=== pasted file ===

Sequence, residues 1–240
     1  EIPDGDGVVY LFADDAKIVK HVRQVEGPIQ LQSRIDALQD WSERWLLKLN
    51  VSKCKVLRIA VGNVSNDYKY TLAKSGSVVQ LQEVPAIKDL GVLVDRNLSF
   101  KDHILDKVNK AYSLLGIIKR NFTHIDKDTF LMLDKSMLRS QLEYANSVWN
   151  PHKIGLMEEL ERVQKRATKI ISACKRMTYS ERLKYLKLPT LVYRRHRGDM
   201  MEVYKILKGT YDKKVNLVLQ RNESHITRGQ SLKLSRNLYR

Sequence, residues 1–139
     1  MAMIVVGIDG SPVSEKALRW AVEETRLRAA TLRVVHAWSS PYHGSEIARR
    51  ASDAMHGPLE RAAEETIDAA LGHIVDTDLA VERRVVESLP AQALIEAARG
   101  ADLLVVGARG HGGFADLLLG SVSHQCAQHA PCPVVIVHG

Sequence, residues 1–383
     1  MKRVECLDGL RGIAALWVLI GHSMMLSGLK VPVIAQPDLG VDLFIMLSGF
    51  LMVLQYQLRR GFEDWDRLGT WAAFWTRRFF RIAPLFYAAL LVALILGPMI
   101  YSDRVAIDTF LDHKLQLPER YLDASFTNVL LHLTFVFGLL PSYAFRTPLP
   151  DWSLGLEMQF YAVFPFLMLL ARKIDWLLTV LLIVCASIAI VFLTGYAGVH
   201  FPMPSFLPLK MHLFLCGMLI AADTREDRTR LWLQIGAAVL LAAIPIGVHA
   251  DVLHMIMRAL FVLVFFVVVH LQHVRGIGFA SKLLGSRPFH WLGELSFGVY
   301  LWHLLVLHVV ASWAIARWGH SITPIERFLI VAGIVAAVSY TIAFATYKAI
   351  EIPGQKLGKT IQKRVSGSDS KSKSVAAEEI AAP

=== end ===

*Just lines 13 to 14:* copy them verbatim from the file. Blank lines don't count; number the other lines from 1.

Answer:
    51  LMVLQYQLRR GFEDWDRLGT WAAFWTRRFF RIAPLFYAAL LVALILGPMI
   101  YSDRVAIDTF LDHKLQLPER YLDASFTNVL LHLTFVFGLL PSYAFRTPLP